The 43 Healthy Environment portfolio grants, totaling $4.8 million, support critical work in rural and urban communities across the state to shift how we work with each other and how we interact with the planet in ways that are grounded in values of justice, ecological sustainability and cooperation. These investments will strengthen front-line and community-based leadership to tackle some of the biggest challenges we face in Oregon: reducing greenhouse gases, shifting how we manage our precious water resources and redesigning land management practices to be adaptive to escalating wildfire risks, smoke and a changing climate, while also maximizing co-benefits for communities that experience disparities.
Affiliated Tribes of the Northwest Indians will lead work with all nine Oregon Tribes to develop tribal renewable energy, energy efficiency, and greenhouse gas policies and investment projects. A collaborative, led by Willamette Partnership, will increase capacity of rural communities of color to advocate for water justice priorities and influence state-level water management discussions that are underway. The Klamath Tribes will sustain their efforts to protect the endangered c'waam and koptu fish by advocating for better management of the Upper Klamath Lake ecosystem.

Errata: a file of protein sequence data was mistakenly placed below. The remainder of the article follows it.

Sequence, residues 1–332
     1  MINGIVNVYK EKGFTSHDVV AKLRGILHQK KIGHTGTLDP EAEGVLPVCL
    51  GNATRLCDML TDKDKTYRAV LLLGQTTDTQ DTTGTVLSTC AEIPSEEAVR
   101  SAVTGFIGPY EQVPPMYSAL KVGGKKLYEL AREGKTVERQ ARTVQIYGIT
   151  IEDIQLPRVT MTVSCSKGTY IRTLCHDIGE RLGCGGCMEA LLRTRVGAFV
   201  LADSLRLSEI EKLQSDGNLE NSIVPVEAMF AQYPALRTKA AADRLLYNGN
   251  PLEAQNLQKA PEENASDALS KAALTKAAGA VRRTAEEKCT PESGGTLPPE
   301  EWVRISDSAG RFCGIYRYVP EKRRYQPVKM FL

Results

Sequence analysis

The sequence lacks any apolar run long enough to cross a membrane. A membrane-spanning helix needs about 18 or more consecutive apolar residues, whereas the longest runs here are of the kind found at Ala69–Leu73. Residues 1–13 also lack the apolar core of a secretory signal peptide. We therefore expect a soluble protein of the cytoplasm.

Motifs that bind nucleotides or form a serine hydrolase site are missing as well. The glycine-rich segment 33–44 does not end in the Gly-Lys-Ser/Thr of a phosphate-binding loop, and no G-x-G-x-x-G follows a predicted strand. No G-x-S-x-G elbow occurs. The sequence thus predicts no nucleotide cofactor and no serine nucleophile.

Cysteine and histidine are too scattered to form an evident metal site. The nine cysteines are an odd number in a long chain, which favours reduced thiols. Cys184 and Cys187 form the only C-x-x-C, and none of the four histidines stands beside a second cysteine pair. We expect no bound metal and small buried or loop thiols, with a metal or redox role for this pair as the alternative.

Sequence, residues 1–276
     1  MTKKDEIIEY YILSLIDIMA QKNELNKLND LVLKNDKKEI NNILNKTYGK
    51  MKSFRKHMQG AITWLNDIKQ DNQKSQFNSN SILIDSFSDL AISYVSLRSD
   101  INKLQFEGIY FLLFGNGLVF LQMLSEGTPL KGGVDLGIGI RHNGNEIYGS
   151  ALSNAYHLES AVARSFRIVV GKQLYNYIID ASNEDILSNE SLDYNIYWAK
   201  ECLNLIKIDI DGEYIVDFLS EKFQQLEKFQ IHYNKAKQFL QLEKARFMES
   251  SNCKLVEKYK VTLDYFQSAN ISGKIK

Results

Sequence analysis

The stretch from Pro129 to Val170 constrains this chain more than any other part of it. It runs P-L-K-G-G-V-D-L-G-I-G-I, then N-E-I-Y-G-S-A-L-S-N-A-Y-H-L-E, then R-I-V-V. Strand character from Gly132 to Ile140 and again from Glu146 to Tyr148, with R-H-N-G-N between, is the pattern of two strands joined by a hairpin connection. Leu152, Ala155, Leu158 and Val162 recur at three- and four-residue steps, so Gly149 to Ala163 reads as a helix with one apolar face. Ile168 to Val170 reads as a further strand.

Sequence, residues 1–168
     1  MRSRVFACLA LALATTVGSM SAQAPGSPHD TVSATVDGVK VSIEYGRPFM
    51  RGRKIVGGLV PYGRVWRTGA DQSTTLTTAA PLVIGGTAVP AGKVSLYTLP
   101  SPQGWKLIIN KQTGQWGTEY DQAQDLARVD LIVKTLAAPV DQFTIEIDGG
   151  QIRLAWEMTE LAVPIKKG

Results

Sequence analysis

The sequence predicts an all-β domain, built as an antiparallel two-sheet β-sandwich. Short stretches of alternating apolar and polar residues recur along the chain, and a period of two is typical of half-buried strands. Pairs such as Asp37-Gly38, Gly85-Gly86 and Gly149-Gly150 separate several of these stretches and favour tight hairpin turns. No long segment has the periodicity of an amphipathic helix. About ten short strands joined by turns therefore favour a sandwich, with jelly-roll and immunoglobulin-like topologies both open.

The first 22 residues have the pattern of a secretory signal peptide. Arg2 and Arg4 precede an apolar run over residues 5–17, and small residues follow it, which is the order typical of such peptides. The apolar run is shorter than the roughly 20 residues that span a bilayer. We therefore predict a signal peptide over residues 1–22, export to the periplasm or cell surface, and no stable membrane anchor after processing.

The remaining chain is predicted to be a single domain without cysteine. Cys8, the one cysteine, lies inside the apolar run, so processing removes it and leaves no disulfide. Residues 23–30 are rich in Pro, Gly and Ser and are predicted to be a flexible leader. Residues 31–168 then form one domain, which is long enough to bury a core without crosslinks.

These are just a few examples of the work we are supporting that will contribute to environmental justice, healthy natural systems, an inclusive environmental movement and community well-being across this remarkable place we call home.